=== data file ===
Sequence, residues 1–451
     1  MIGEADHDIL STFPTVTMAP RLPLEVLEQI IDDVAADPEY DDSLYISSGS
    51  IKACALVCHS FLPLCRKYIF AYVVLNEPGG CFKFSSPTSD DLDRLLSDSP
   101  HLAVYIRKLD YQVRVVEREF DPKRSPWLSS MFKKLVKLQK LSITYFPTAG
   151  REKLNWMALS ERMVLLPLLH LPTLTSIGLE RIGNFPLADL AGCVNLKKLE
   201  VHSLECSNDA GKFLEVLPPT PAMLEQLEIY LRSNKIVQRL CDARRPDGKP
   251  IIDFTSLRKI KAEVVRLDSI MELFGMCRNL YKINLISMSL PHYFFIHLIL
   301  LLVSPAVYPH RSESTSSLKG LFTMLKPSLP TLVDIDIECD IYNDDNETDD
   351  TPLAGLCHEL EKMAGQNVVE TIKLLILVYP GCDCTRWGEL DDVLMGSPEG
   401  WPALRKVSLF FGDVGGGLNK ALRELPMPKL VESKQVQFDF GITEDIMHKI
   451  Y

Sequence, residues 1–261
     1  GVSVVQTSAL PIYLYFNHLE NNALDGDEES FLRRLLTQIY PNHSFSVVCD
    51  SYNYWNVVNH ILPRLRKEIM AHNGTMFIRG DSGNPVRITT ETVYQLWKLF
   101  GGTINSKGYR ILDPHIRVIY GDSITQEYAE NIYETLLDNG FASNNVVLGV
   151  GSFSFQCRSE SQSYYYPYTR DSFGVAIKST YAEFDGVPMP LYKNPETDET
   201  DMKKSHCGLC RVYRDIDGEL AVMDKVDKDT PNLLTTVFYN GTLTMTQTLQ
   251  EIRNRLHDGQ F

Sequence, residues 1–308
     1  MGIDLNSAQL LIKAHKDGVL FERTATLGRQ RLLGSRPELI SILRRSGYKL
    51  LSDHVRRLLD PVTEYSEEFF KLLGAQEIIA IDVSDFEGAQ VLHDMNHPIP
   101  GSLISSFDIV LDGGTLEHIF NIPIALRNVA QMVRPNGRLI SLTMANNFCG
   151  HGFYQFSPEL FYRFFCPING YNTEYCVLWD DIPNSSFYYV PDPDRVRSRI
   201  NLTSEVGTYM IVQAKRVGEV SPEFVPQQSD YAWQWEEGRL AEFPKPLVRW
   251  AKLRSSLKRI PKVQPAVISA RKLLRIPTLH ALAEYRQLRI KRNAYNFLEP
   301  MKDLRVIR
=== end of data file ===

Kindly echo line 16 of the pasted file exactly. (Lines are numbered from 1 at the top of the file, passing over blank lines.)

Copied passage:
   151  GSFSFQCRSE SQSYYYPYTR DSFGVAIKST YAEFDGVPMP LYKNPETDET